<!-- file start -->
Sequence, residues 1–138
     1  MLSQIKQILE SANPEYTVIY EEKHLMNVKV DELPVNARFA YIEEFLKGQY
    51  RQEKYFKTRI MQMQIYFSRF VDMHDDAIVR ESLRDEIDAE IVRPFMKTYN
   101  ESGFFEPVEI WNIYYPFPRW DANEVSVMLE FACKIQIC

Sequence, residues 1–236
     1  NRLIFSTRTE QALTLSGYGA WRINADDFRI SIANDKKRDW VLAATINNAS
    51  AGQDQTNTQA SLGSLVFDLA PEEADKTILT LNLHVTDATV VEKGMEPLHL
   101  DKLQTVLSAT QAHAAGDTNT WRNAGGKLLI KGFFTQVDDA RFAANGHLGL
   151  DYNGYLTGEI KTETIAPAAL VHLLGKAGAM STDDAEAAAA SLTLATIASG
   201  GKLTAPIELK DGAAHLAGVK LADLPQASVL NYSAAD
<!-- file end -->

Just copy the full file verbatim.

Sequence, residues 1–138
     1  MLSQIKQILE SANPEYTVIY EEKHLMNVKV DELPVNARFA YIEEFLKGQY
    51  RQEKYFKTRI MQMQIYFSRF VDMHDDAIVR ESLRDEIDAE IVRPFMKTYN
   101  ESGFFEPVEI WNIYYPFPRW DANEVSVMLE FACKIQIC

Sequence, residues 1–236
     1  NRLIFSTRTE QALTLSGYGA WRINADDFRI SIANDKKRDW VLAATINNAS
    51  AGQDQTNTQA SLGSLVFDLA PEEADKTILT LNLHVTDATV VEKGMEPLHL
   101  DKLQTVLSAT QAHAAGDTNT WRNAGGKLLI KGFFTQVDDA RFAANGHLGL
   151  DYNGYLTGEI KTETIAPAAL VHLLGKAGAM STDDAEAAAA SLTLATIASG
   201  GKLTAPIELK DGAAHLAGVK LADLPQASVL NYSAAD